Building Control

 

Retain in-house, with a strong focus on increased regional collaboration. 

·          Legislative review - Legislative changes should be strategically assessed, with opportunities to share workstreams with other councils considered. 

·          Performance management - Implementing a regular, relevant customer service performance metric will provide a reliable evidence base for future service decisions.  This might include surveying customers at the conclusion of service provision.

·          Booking system - Centralised scheduling will potentially deliver productivity benefits or efficiency benefits, better positioning this team to respond to changes in requirements and legislation as they present.

·          Remote worker integration - Regular team meetings and ‘clinics’ with remote BCOs will enhance team morale and encourage a more consistent SDC approach to tricky issues that require individual judgement calls.

Shared service/collaboration and performance management recommendations will actioned as per the general comment in Section 1 above.

 

Centralised booking system in the process of being implemented, should be in place by 1 July 2017.  As part of this, may be some changes to inspection booking times to maximise efficiency. 

 

Target Date - 1 July 2017.

 

Remote worker integration recommendation already being implemented.  Gore based inspector now working one day per week in Invercargill office.

 

Actioned.

 

Monthly team meetings incorporating a calibration session to ensure all Building Control Officers operating consistently on key issues.  Any necessary amendments made to Quality and Process Manual as above. 

 

Actioned and ongoing.

 

 

Resource Management

 

Retain in-house.

Electronic processing/online lodgement - Online lodgement and electronic processing capabilities may deliver improved convenience customers, automate the application to improve accuracies, mitigate postal delay and deliver internal efficiencies. 

Agreed that on-line lodgement and processing is required and growing customer demand for this.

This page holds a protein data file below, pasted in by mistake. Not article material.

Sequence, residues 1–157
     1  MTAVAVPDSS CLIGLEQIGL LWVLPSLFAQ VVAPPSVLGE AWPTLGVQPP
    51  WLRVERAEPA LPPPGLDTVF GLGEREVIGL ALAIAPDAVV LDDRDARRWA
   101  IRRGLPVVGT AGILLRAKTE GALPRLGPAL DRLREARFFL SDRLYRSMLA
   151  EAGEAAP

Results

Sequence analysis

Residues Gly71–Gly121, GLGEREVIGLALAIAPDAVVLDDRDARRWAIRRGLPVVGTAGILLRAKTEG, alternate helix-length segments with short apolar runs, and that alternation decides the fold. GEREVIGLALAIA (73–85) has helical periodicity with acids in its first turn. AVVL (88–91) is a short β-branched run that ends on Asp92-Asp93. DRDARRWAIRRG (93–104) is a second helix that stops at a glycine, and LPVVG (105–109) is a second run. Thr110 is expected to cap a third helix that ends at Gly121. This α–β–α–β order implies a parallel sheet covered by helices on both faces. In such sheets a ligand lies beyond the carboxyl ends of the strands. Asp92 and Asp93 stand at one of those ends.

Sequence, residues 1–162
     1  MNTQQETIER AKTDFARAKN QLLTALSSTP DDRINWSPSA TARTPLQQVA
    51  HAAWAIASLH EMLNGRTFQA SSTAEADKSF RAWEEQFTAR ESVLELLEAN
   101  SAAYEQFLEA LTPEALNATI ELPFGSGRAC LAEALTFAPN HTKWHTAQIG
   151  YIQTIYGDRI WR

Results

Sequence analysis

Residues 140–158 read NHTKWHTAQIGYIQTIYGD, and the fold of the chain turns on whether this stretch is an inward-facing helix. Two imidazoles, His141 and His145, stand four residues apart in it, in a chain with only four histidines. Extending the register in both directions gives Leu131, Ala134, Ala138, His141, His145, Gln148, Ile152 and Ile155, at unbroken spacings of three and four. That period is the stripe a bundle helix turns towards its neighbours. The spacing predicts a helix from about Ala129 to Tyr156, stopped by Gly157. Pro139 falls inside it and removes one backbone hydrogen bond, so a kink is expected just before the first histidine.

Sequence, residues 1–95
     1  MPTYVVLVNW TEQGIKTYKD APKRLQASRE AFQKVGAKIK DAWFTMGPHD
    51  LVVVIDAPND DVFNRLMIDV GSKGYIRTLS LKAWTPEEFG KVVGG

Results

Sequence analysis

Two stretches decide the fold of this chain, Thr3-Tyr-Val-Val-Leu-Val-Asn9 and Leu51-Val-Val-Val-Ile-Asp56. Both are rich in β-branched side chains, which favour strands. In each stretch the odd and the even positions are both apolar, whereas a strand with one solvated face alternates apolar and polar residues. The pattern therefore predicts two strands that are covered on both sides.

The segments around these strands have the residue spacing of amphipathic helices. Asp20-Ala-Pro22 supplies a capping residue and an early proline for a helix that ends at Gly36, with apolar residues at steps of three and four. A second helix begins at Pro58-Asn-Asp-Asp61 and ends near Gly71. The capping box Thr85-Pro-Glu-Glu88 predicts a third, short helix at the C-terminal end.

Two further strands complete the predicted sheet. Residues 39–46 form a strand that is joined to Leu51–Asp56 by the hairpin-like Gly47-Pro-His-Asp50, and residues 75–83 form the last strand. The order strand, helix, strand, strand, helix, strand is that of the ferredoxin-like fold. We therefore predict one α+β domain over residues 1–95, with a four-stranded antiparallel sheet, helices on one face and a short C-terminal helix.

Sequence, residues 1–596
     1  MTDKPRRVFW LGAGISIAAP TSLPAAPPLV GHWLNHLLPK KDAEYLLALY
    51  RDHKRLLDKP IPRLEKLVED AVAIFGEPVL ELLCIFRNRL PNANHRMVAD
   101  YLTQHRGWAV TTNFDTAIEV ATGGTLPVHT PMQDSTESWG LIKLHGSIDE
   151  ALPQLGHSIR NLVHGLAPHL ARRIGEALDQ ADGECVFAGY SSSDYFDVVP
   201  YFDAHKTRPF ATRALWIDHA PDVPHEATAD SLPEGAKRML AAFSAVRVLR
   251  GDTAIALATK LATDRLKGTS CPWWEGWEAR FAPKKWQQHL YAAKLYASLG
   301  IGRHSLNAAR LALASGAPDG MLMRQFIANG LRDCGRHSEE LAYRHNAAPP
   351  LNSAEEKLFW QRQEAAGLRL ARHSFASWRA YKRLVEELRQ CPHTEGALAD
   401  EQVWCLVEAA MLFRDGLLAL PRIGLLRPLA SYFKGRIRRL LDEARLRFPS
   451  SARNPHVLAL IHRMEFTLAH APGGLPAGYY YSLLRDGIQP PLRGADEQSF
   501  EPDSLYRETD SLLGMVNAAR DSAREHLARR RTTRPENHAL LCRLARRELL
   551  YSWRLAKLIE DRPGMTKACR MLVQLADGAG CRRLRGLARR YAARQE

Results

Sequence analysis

This will be actioned as per the general comment in Section 1 above. 

 

Target Date- all key processes on-line by 1 July 2019.

 

 

Environmental Health

 

 

Retain in-house, complemented by third-party providers for after-hours service. 

·          Procurement review - This department should review how outsourced services are procured to ensure ongoing value for money.  A competitive tender process would test the market for improved price or quality of service, and may reveal unknown contenders. 

·          Quality assurance - Implement quality assurance procedures for alcohol licensing and health inspections, which should include peer review.  This provides an avenue for continuous improvement and ensures ongoing performance in these activities.

·          Performance management - Implementing a customer service performance metric, particularly for those that are not currently measured, will provide a reliable evidence base for future service decisions. 

·          Improve Alcohol Licensing processing times - Consider making additional resources available to improve the proportion of licences processed within target timeframes.  Electronic lodgement and processing functionality may assist with efficiency in this area.

Procurement recommendation will be actioned as per the general comment on procurement above.

 

 

The team has begun the process in obtaining approval from the MPI to verify national programme food premises.  This involves having an accredited quality system.  Once this is in place and staff have had experience operating under a quality system, it could then be expanded at the next accreditation to incorporate other environmental health functions. 

 

IANZ accreditation for Food Act processes being sought.

 

Target Date - December 2017.

 

Two of the Licensing Inspectors have made a committment to clearing the backlog of premises renewal applications. 

 

Target Date - all premises on backlog visited - July 2017.

 

 


Regulatory and Consents Committee

6 April 2017

sdclogo

 

Freedom Camping

Record No:        R/17/3/4486

Author:                 Michael Sarfaiti, Environmental Health Manager

Approved by:       Bruce Halligan, Group Manager Environmental Services

 

  Decision                              Recommendation                         Information

 

  

 

Introduction

1        On 23 February 2017 I presented an information report on freedom camping to the Committee. 

2       It discussed what was happening in the hot spots of Lumsden, Te Anau and Waikawa. 

3       Essentially the problems were being controlled well in Te Anau and Waikawa.  Lumsden will likely be requesting an amendment to the bylaw, to amend the freedom camping designated area.  Any such proposed amendment will need to go through a formal public process and all parties will have an opportunity to express their views.